Among her professional achievements, she has highlighted her work as an academic at MedStar Washington Hospital Center / Georgetown University Medical Center, a professional role that she wants to resume soon in Puerto Rico. “I continue to teach other internists who train in this specialty. I have been able to introduce myself, be a part of clinical research and share knowledge to help develop rheumatologists. In the future, I would like to teach classes here in Puerto Rico and treat the rheumatologists who train there. The island “Because most of them are leaving,” he said.
One aspect of rheumatology that worries him is seeing many cases of young people with different types of diseases without access to a specialist. “The challenge for me is to realize that there are a lot of sick young people out there The island Those who suffer because they are not able to reach specialists on time. I’ve come across many cases of young girls with lupus or other cases who come to me very ill and I realized the reality is different.”
surrounded by family love
On the family side, she said she was “surrounded by a lot of love” and many women because she has a twin sister and another younger sister. She is married to a maxillofacial surgeon and has two children: a two-year-old boy and a five-year-old girl. In fact, a large part of the decision to return to their homeland was to be able to raise their offspring on the land of Puerto Rico. “We had already been in the States for many years and wanted to raise them in Puerto Rico. As a woman the priority, our children. Teach them that one can be a woman and work and also be a mother. But I also felt that (upon returning) I could bring something different The island, to help Puerto Ricans because every year more doctors leave and I think maybe I can help here more than there.”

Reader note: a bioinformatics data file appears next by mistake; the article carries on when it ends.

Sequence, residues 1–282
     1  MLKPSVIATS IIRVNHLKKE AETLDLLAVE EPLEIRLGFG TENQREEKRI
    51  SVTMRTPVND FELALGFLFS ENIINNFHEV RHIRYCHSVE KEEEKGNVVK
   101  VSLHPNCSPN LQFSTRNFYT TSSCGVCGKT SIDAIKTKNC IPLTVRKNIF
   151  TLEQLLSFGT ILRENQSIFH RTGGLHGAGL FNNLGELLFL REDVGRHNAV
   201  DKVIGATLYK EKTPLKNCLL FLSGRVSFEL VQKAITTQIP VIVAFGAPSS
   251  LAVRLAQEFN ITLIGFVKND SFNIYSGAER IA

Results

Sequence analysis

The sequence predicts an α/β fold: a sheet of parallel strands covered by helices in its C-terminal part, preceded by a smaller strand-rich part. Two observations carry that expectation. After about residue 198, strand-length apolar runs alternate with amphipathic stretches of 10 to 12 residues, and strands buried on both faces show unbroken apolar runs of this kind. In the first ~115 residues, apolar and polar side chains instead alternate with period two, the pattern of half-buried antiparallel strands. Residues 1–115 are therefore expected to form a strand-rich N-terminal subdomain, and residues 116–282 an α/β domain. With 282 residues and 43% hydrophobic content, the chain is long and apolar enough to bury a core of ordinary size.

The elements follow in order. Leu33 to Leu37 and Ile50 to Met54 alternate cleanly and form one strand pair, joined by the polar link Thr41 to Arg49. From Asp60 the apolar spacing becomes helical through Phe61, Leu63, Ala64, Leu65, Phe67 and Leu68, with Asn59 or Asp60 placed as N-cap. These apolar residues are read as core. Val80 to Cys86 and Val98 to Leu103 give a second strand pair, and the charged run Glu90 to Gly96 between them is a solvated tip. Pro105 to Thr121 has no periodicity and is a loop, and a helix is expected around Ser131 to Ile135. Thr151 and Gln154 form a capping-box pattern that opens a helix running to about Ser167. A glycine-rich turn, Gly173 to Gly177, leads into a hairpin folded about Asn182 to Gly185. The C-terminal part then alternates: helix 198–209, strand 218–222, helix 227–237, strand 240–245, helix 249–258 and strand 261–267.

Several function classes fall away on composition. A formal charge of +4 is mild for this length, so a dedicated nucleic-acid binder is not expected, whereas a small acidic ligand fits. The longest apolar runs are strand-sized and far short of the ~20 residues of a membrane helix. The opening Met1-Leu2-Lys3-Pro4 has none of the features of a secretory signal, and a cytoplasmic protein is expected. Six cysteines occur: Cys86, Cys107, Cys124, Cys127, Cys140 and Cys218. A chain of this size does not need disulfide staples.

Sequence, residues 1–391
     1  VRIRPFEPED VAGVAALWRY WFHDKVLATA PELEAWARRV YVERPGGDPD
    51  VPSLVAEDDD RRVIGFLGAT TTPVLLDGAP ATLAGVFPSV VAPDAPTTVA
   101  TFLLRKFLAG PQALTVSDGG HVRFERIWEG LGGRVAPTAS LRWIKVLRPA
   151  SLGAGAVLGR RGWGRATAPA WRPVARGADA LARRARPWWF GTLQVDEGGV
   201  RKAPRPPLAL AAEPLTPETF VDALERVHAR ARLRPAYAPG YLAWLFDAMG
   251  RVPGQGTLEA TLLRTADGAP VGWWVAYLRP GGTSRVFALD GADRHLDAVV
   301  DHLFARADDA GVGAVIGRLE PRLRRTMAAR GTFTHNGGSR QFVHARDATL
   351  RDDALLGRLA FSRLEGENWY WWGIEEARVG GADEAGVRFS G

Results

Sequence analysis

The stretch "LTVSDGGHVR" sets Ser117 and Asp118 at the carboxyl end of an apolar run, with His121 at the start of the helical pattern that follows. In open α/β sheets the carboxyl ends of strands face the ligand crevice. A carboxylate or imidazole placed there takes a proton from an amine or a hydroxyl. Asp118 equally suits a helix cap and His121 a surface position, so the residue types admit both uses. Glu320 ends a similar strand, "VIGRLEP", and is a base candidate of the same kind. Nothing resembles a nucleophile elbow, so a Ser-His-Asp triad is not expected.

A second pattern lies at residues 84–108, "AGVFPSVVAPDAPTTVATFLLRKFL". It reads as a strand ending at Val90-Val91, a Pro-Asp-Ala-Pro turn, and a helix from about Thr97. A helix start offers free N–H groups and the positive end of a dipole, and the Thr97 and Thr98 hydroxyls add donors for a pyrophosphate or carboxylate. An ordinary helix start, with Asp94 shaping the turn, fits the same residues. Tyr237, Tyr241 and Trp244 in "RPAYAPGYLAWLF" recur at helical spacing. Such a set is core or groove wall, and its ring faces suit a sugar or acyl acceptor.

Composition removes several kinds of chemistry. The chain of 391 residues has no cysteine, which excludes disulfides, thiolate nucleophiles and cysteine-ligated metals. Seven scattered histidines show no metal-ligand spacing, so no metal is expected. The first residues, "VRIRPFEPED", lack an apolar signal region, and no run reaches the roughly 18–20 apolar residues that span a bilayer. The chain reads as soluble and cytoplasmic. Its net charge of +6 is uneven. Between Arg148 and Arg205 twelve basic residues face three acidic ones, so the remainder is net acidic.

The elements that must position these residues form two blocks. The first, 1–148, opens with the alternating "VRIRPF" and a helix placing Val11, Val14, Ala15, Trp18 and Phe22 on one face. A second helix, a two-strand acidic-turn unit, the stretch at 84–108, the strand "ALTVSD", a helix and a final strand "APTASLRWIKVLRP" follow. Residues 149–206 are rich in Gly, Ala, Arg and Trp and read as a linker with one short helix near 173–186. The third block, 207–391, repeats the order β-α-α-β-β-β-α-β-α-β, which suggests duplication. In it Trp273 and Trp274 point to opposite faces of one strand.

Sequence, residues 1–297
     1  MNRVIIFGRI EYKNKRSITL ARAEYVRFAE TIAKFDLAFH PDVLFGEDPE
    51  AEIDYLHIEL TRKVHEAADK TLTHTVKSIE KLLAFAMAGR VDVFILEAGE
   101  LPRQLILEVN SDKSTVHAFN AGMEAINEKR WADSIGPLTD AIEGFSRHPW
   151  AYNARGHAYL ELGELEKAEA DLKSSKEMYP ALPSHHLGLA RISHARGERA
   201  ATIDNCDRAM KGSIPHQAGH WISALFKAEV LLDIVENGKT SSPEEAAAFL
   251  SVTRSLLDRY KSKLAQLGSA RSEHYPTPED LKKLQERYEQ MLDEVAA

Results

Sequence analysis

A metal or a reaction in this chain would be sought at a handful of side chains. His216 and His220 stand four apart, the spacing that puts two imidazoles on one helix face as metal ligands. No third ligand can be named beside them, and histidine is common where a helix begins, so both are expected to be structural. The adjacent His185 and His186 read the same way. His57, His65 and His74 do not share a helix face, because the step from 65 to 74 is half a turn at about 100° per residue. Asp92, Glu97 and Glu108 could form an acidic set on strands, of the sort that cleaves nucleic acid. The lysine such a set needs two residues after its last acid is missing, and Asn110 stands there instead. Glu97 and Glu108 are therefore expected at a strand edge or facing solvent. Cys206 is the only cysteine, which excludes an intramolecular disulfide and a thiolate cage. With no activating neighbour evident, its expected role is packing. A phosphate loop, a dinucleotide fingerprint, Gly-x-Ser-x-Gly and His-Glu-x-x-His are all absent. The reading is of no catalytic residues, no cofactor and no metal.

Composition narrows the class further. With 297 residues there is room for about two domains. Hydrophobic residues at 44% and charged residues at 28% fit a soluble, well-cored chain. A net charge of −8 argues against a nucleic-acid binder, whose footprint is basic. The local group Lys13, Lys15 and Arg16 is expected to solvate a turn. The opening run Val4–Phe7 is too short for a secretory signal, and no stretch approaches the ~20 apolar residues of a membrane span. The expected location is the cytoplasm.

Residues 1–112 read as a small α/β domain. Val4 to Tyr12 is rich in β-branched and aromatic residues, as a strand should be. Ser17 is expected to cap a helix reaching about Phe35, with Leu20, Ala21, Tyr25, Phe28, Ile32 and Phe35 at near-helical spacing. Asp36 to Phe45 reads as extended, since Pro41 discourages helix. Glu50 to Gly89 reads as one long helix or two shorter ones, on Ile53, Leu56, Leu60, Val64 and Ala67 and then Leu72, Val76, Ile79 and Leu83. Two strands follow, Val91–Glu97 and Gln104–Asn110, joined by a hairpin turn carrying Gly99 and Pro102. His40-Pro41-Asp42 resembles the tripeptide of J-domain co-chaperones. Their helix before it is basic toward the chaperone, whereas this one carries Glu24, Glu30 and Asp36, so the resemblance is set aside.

From her parents, she said, she learned to trust herself to achieve all her goals. “They gave me self-confidence and self-confidence,” she said. “To be able to make sure that I no longer give up to achieve the goals I wanted.”
When asked which person he admires the most, he did not hesitate to respond to “Mom” on a personal level. Professionally, although he admires many people, there is one that he tries to emulate every day. “I have mentors in the States, but there is someone who, they say, has been my mentor and I try to imitate him every day. Her name is Florina Constantinescu, and she is a woman who specializes in rheumatology and has a family, but she is one of those people who balances everything and everything very well.” ‘, added who enjoys exercise and fashion in his spare time.
Alejandro Silva aspires to maintain a balance between his family and his career. “To have a good balance, a stable home, and also continue to work. And I think that also in part of being a woman, it is possible to have a successful career, but also a family because I had my children while I was in training, so I think anything is possible.”
“Award-winning zombie scholar. Music practitioner. Food expert. Troublemaker.”